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post #7 of 10 Old 08-20-2019, 09:50 PM
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Perhaps we should wait for the OP to chime back in before we flood him with out massive wealth of knowledge....???
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post #8 of 10 Old 08-21-2019, 12:30 AM Thread Starter
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Quote:
Originally Posted by WeebyWoodWorker View Post
I used an old JET mini lathe before, those are pretty nice. How old is your son? Have you much experience turning?


-T
My son is 14 years old I have 12-15 years of experience in wood turning

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post #9 of 10 Old 08-21-2019, 12:37 AM Thread Starter
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Quote:
Originally Posted by holtzdreher View Post
I am thoroughly amazed at the prices of used lathes on CL. Folks ask 300 to 500 dollars for old Monkey Wards 8 inch lathes on tubes and a friend recently purchased a Vega with outboard turning tool rest for $450. (stole it price) Two years ago, I purchased an old Delta Rockwell high school shop lathe for $400.00 It does more than I will ever need. Last spring I purchased a mid 19th century lathe for $10 I'll make a treadle and flywheel for demonstrations at a historical site., I have seen folks want $6,000 for a used powermatic and missed a powermatic 90 the guy advertised for $300. I did buy a little PSI turncrafter complete with two huge boxes of pen making supplies for $75.00 I keep it for little jobs when the larger lathes are set up for specific jobs. (I really hate changing tooling around)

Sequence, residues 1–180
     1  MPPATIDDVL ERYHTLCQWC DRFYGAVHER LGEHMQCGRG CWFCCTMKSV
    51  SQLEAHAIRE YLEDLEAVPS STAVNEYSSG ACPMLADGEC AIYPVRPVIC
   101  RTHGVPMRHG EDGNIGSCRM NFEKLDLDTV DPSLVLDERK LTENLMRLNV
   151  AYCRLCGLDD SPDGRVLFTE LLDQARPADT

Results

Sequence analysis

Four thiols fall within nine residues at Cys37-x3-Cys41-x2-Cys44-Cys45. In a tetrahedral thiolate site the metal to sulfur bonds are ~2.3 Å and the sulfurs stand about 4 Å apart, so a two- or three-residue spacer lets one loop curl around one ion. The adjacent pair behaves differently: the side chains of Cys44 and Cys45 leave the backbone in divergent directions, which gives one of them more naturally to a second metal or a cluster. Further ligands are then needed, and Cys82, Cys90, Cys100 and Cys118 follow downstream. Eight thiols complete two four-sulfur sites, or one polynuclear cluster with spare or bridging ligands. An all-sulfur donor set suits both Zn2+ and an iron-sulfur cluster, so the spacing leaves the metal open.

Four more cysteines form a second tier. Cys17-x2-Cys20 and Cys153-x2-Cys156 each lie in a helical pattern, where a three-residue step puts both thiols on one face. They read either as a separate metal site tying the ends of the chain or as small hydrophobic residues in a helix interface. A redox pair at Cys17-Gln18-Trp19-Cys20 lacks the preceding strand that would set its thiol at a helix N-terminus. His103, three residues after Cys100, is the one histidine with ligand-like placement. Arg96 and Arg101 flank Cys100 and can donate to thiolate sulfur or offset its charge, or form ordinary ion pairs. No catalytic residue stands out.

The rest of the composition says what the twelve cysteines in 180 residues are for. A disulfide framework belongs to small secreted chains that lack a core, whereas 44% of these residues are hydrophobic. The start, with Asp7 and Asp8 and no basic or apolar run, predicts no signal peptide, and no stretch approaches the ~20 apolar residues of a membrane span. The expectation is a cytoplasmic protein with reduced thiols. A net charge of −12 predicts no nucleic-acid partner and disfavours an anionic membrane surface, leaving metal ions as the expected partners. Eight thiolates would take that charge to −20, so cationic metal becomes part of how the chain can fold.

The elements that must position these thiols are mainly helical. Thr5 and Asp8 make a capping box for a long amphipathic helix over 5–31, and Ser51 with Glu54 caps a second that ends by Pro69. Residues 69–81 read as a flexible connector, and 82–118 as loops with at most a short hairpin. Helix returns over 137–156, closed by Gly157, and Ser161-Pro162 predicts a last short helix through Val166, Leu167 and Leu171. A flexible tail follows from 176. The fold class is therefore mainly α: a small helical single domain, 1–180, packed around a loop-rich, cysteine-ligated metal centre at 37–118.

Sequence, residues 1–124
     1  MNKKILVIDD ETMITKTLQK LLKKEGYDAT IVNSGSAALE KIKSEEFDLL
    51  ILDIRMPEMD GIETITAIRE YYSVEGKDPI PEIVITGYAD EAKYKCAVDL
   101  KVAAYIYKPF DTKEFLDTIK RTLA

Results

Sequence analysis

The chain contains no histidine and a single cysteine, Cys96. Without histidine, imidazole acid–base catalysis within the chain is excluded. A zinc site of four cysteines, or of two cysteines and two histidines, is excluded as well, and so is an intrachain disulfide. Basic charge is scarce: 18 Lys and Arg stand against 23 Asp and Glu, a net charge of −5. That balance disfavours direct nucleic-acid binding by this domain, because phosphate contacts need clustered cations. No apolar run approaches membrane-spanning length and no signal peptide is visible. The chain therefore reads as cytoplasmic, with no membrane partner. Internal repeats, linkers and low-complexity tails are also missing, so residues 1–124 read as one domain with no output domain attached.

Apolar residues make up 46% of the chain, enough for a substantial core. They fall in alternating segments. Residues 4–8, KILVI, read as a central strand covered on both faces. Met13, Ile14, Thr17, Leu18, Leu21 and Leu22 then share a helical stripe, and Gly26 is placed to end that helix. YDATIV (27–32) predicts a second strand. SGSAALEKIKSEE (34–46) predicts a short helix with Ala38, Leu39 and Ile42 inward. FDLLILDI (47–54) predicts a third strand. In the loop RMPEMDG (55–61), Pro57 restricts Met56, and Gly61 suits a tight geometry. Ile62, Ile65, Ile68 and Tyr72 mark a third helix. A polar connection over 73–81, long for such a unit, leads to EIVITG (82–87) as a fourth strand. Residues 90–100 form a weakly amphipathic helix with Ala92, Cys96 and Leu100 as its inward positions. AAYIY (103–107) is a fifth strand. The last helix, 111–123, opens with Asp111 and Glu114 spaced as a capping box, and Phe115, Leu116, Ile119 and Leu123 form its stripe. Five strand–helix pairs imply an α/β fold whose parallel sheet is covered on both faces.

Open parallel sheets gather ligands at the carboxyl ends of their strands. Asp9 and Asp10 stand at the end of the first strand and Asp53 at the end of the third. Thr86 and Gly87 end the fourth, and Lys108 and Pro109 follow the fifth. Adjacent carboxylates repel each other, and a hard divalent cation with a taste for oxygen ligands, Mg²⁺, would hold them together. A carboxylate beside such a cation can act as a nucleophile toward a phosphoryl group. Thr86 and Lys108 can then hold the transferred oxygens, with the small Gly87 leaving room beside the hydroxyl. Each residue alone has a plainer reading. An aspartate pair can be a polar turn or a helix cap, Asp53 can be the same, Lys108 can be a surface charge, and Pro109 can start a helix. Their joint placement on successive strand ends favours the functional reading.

the bells and whistles make things easier. However, there is nothing wrong with learning to do things old school. If a turner can do it on an old belt hopper, he can do it on anything. Not so much the other way round.
The mini wood lathe ranges in the price between 300- 500 dollars I have checked the price here https://topreviewedten.com/best-mini-wood-lathe/ I am hoping I can get a used mini wood lathe at under 200 dollar buying a big wood lathe doesn't seems to be a good investment let me know if you have any in your connection

Every one of us is, even from his mother's womb, a master craftsman of idols.
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post #10 of 10 Old 08-21-2019, 12:47 AM Thread Starter
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Quote:
Originally Posted by Catpower View Post
Also a good set of tools can cost more then a lot of machines, I got a set of these and they work very well, it will make learning easier, to start, but he won't be able to learn the art of sharping regular tools but that and shear action cutting are fairly easy to figure out. Scraping is the best way to get the feel of the machine when starting in my opinion


Can't beat the price of these, they are almost always on back order so they are selling them pretty fast, I really like the set I have, the only down side is you need to be careful not to drop them the inserts are a little fragile, might be a good idea to order a spare for the ones you use the most, for me it is the round nose and the 2" radius square




https://www.grizzly.com/products/Gri...sel-Set/T28505

I will teach him with some basics for now giving these tool at his starting phase of learning won't be a good idea as there are chances my son will drop it and will break his tip or harm himself with these but thanks for the suggestion